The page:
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Chapter XL An Event and Some Incidents

WITHIN a year I became an officer in the Salvation Army, and was stationed at the Richmond Street barracks in Toronto.

The meetings began suddenly to take on an added note of interest.

It was a note of merriment, and was furnished by a young woman who came regularly and always sat in the same seat.

It didn’t take me long to discover that she came to the services solely to see me. This sounds like conceit. It isn’t.

She thought I was the funniest thing she ever saw or heard. She came to laugh at my queer, broken speech and my comic make-up.

The Army uniform I wore—also my hair. It was long and black and glossy. I was proud of it.

When I found what I stood for in the young woman’s mind, I-

Well—I thought of Buckskin.

To most people who sized me up, my make-up was like my old bronck’s—one big laugh in itself.

When he showed what he could do, the laugh turned into respect.

I would show this young woman what I could do.

I made her acquaintance. I went to her house. I met other young men there. I entered the race.

I became a frequent visitor at her home—too frequent, according to her step-mother’s notions.

The old lady herself met me at the door one day.

I braced myself and spoke as pleasantly as I knew how.

“Is Miss Rebecca in?”

“Miss Rebecca Rooney,” came the reply in her rich Irish brogue, “will never be in again—to you!”

She slammed the door in my face.

I stood there, shook my fist at the door and registered a vow.

“Rebecca will be at home to me, not some day, but every day—at my home!”

I kept my vow.

I was in the running about two years.

But, like Buckskin, I won.

We were married in Orangeville, Ontario, and ever since Rebecca has been at my home.

It is a good home, for she has made it that, as she has made a good wife and a good mother to the five children born to us.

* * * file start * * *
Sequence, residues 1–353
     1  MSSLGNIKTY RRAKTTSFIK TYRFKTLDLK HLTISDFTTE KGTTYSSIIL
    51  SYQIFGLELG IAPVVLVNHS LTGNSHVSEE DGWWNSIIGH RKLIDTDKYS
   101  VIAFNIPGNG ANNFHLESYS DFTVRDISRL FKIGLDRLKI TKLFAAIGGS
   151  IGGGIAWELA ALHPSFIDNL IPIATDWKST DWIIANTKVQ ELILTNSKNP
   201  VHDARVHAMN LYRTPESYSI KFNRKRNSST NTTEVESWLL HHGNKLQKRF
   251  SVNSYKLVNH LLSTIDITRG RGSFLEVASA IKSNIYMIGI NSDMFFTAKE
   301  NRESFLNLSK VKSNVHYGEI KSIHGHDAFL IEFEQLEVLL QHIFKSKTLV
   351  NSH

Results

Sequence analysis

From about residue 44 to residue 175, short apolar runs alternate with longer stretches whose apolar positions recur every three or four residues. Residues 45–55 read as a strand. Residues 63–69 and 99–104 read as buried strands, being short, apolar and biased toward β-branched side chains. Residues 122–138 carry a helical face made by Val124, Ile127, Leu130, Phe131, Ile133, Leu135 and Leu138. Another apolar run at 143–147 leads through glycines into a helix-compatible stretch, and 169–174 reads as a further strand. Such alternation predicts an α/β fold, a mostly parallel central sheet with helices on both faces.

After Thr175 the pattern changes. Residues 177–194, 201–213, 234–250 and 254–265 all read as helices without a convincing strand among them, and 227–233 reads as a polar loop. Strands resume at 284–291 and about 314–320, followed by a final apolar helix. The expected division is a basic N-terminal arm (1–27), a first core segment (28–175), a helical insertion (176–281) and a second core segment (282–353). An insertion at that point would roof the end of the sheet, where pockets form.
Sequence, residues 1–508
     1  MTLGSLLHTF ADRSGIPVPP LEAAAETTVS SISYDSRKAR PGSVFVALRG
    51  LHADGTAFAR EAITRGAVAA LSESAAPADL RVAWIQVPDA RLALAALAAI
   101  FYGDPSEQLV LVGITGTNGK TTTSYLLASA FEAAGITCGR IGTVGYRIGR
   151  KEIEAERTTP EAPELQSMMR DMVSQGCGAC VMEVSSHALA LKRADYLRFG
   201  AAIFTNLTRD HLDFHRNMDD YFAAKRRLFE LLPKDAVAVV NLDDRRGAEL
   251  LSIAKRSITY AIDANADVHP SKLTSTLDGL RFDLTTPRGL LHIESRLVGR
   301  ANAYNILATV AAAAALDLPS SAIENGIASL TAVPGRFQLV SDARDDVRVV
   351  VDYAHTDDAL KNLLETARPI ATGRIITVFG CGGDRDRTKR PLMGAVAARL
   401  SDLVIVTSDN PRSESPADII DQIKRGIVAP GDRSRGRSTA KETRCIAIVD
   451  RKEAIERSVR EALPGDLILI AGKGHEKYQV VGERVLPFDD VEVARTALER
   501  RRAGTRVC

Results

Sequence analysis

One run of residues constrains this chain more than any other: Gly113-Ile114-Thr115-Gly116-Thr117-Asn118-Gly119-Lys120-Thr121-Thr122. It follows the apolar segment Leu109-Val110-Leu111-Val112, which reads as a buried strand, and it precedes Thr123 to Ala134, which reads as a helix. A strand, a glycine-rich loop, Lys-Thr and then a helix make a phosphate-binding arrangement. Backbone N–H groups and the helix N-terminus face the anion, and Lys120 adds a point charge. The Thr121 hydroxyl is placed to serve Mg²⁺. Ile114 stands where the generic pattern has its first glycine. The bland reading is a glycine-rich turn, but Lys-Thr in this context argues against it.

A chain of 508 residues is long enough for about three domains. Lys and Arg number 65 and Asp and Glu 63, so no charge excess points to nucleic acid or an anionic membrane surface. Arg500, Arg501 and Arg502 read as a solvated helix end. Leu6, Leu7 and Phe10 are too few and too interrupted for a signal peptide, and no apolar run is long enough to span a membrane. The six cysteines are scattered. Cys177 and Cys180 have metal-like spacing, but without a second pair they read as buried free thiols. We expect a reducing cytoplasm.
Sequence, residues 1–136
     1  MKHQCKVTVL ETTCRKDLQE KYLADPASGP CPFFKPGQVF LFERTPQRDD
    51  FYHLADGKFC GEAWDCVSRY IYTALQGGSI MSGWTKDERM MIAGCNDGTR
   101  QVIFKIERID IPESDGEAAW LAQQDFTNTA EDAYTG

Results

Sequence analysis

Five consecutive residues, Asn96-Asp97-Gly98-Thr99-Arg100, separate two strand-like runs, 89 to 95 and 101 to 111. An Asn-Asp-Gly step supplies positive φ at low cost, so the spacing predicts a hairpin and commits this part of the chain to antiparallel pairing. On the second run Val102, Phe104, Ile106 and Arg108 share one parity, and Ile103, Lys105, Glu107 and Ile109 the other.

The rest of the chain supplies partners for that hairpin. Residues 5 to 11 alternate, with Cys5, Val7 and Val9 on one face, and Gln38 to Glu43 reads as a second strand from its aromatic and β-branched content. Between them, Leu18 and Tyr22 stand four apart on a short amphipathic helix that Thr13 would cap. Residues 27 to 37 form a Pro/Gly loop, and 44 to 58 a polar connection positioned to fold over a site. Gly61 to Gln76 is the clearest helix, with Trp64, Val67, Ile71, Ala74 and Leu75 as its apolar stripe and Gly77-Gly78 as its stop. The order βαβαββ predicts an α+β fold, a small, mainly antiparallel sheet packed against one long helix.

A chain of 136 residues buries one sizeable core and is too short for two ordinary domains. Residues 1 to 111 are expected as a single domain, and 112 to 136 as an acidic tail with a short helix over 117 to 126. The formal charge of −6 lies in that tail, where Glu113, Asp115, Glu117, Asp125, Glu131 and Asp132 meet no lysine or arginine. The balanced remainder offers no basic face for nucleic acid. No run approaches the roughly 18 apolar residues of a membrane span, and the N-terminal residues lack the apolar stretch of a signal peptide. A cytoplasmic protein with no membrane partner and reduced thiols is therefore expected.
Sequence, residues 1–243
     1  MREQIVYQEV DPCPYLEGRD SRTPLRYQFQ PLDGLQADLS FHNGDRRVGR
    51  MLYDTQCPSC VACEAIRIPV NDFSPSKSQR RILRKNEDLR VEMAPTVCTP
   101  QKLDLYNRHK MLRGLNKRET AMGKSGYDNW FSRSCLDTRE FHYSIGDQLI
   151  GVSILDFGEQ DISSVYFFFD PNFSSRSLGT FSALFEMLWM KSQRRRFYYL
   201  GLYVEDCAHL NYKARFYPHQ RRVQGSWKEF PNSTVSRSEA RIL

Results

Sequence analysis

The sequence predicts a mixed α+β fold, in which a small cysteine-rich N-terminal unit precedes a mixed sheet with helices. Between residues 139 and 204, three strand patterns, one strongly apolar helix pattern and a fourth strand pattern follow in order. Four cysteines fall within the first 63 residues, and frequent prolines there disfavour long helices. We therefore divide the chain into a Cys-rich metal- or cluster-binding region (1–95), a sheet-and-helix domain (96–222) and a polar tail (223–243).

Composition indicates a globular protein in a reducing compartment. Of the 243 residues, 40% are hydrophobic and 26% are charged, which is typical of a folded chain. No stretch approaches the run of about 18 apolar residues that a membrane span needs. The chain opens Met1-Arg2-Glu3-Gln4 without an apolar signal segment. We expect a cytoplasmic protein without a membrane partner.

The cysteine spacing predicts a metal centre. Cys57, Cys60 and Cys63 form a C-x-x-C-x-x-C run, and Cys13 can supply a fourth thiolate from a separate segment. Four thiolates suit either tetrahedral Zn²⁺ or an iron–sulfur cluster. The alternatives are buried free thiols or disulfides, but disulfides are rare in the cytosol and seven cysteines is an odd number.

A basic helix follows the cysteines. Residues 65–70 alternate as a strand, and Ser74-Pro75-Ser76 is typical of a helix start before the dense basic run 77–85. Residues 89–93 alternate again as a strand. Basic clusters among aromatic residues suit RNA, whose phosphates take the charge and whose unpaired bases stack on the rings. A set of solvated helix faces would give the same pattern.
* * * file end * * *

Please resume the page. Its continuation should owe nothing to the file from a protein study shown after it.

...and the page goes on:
While with the Salvation Army, part of my time was given to special work.

When a corps was in need of money I was sent out to some place where I could collect a crowd. I did it by telling of my life as a savage and as a denizen of the underworld.

I often raised considerable sums this way.

It was this special work that led me to feel I might do some good as an evangelist.

So I left the Army and started work in the rescue missions. I found it interesting, illuminating and sometimes amusing.

In the Jerry McCauley Mission, New York City, where the wrecks wash in, I once got my hands onto a well-soaked piece of driftwood. Two weeks afterward when the new life within him had in a degree pushed off the old, tattered garments and some of the marks of dissipation, he spoke in the meeting. He said but little, but it, with his glowing countenance, was convincing.

“Boys,” he wound up, “I’m not what I was two weeks ago to-night. Then I didn’t give a d—n whether I went to hell or not."

He said it with perfect sincerity, unconscious of the language he used. The old habits of speech still clung to him as broken shackles to an escaped convict.

That man eventually became a successful pastor in a western town.

It was in St. Bartholomew’s Mission, New York, that I again got my hands on one of the lowest of bums. He was among the men who came to the meeting for a cup of coffee and a sandwich. He was also looking for a lodging ticket.

I singled him out as I used to single out a buffalo from the herd, and I soon had him down on his knees at the seekers bench.

The superintendent, Colonel Hadley, was a kind-hearted, but gruff-speaking man. In his usual harsh way, he came out with:

“What do you want here?”

“I want t’ git saved,” whined the bum.

“Pray then!” thundered Hadley.

“I don’t know how, sir,” whimpered the penitent. “Ever ask your mother for a piece of bread and butter? That’s how to ask God for what you want. Now, ask him!” commanded the militant colonel. The bum prayed:

“God!—but I want som’thin’. Give it here.”

He did his best there on his knees, the colonel standing over him. When the poor old outcast was about to give up in despair, the mentor again thundered, “Pray more earnestly!”

The penitent pounded the bench with his fists and cried out:

“Oh, God save me! Why th’ h—l don’t ye save me?” •

And He did. That man became an effective worker in the mission.

During my mission work I kept up my studying. I worked alone in my school of hard knocks, until I made myself fit to be ordained.

I became associate pastor of the First Free Baptist Church, of Buffalo, N. Y., and afterwards acting pastor of the Second Free Baptist Church. After that I went to Woonsocket, R. I., where with the Reverend William Sheafe Chase, now Canon Chase, we established a Rescue Mission. Later I returned to Buffalo, N. Y., where, after a rigid examination, I became a Presbyterian minister.

My first pastorate was in Akron, N. Y. While there I was also missionary to the Tonawanda reservation of Seneca Indians.

From Akron I was called to the South Presbyterian Church of Buffalo.

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